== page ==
Square Enix used AI to reboot The Portopia Serial Murder video game from 1983, and gamers were not happy.
Square Enix apparently wants to be at the forefront of technology when it comes to video games and profit generation, as it just launched an AI video game that got utterly destroyed by reviews. It would seem that the company has no problems embarrassing itself in front of its audiences, first by producing an absolute flop such as Marvel’s Avengers, then by announcing a game that features 10,000 microtransactions, and now this—an AI video game nobody wanted in the first place.
But just because nobody wanted the game doesn’t mean that gamers won’t try it out. For better or for worse, gamers are a really tough crowd, and despite toxicity that sometimes runs rampant through the gaming community, gamers are also the ultimate critics when it comes to video games. Well, according to Kotaku, the jury (gamers) has spoken, and the Square Enix AI video game, which is actually a re-release of a 1983 The Portopia Serial Murder Case adventure game, totally sucks—for all the reasons disclosed below.
The 1983’s Portopia Serial Murder Case is anything but a bad game. It’s a text-based adventure game released on NEC PC-6001 and later ported to Nintendo Famicom. It was actually a very well-received game for its great storyline, surprising twist ending, and variety of choices that led to the game’s ending—all of which were praised by the legendary Hideo Kojima. However, what’s notable about this particular re-release of the game is the fact that Square Enix is using it to test out AI technology for use in video games. According to gamer reviews, the results are an absolute disaster.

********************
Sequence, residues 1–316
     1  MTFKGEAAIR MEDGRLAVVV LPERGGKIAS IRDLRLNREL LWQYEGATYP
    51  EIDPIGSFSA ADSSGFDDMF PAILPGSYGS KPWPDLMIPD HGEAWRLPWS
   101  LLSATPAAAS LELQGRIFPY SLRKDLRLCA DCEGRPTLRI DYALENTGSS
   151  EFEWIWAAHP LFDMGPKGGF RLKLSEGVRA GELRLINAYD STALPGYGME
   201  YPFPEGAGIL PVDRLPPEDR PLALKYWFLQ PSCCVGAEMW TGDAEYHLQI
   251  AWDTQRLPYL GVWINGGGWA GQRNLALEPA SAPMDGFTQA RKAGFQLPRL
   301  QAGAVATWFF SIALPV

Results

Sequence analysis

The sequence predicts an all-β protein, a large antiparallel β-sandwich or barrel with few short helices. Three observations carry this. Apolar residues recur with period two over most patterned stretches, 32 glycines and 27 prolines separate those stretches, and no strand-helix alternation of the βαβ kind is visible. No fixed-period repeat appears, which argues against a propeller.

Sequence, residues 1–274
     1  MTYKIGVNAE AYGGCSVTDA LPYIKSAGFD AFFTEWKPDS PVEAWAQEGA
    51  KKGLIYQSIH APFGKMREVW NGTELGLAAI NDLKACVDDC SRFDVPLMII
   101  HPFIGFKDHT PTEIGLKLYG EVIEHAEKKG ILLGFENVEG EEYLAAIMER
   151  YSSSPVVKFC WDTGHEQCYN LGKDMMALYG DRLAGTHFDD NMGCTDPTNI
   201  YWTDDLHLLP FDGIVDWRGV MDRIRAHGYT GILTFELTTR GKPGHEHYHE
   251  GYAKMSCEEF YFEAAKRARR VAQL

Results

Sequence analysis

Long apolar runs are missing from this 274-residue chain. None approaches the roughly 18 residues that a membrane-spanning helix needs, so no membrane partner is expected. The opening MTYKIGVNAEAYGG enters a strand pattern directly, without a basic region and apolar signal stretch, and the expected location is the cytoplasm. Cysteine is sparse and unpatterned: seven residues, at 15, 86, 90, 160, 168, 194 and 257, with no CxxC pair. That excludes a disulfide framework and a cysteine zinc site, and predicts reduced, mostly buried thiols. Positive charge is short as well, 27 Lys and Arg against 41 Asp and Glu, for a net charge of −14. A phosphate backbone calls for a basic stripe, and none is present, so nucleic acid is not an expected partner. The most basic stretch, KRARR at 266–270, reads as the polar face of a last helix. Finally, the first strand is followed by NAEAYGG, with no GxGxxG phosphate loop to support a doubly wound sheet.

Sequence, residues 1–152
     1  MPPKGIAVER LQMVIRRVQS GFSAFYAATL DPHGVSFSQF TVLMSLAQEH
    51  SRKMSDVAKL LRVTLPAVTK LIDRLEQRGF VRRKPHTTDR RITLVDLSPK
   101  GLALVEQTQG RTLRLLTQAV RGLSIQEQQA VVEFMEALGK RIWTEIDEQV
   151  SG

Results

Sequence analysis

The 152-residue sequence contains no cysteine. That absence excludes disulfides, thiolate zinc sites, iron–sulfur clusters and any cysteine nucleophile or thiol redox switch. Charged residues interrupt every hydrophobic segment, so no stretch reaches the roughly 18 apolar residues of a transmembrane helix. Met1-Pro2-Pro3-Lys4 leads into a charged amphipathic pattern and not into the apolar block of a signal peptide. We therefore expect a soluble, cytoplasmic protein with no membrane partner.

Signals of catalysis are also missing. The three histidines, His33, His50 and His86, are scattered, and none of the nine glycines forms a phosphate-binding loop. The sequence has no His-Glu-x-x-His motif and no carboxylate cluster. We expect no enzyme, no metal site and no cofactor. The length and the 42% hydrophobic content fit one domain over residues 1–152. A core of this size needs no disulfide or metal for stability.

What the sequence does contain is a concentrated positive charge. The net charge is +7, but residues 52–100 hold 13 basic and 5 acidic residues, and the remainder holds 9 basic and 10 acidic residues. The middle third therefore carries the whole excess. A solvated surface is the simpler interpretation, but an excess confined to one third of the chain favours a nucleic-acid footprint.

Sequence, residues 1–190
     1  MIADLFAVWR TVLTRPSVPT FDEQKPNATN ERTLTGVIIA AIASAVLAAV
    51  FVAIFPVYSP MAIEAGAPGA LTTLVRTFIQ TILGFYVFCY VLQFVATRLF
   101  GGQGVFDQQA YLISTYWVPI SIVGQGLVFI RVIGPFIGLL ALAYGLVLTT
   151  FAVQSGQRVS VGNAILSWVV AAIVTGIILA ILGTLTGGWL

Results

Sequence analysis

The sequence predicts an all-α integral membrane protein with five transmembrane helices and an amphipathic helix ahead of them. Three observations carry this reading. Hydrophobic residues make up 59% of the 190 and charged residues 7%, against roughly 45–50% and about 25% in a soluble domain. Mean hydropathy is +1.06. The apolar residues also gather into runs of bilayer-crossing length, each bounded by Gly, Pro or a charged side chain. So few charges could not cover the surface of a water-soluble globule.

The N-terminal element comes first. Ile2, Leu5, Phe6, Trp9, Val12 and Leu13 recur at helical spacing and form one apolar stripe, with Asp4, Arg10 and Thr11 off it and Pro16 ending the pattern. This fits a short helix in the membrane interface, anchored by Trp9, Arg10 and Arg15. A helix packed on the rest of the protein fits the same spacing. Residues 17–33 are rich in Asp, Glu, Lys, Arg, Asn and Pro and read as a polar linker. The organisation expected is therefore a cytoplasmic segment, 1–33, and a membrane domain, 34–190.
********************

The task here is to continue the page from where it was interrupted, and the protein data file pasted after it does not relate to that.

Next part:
The first thought people might have about this is that Square Enix has used the AI to generate in-game art like it was the case with High on Life, or in-game text and a variety of choices—as per our previous discussion, AI is being used to create the greatest Choose Your Own Adventure video games. However, that’s not the case here; Square Enix actually tried implementing AI tech into the Portopia video game to make the gameplay easier when, in fact, they made things worse, which led to the review bombarding of an AI video game.
Old text-based adventures were a mess to program and play. For example, your answer to a particular puzzle has to be exactly the same as the developer has intended. Otherwise, you’re stuck. That’s because the games used to recognize the exact sequences of letters and words as an answer. Old text-based games couldn’t understand context, which is something Square Enix hoped an AI implementation could help with by relying on Natural Language Processing to try and link the player’s input to the correct or desired answer. They wanted to teach the video game context.
Unfortunately, Square Enix’s AI implementation into The Portopia Serial Murder Case video game failed epically—mostly due to bad implementation alone. Not only does it not understand context, but it’s also bad at discerning any commands at all, and some of the inputs are now even more frustrating than the 1983 original. One reviewer even commented that Square Enix’s attempt at another modern tech fad is an insult to a game with a vast and important legacy. And we tend to agree.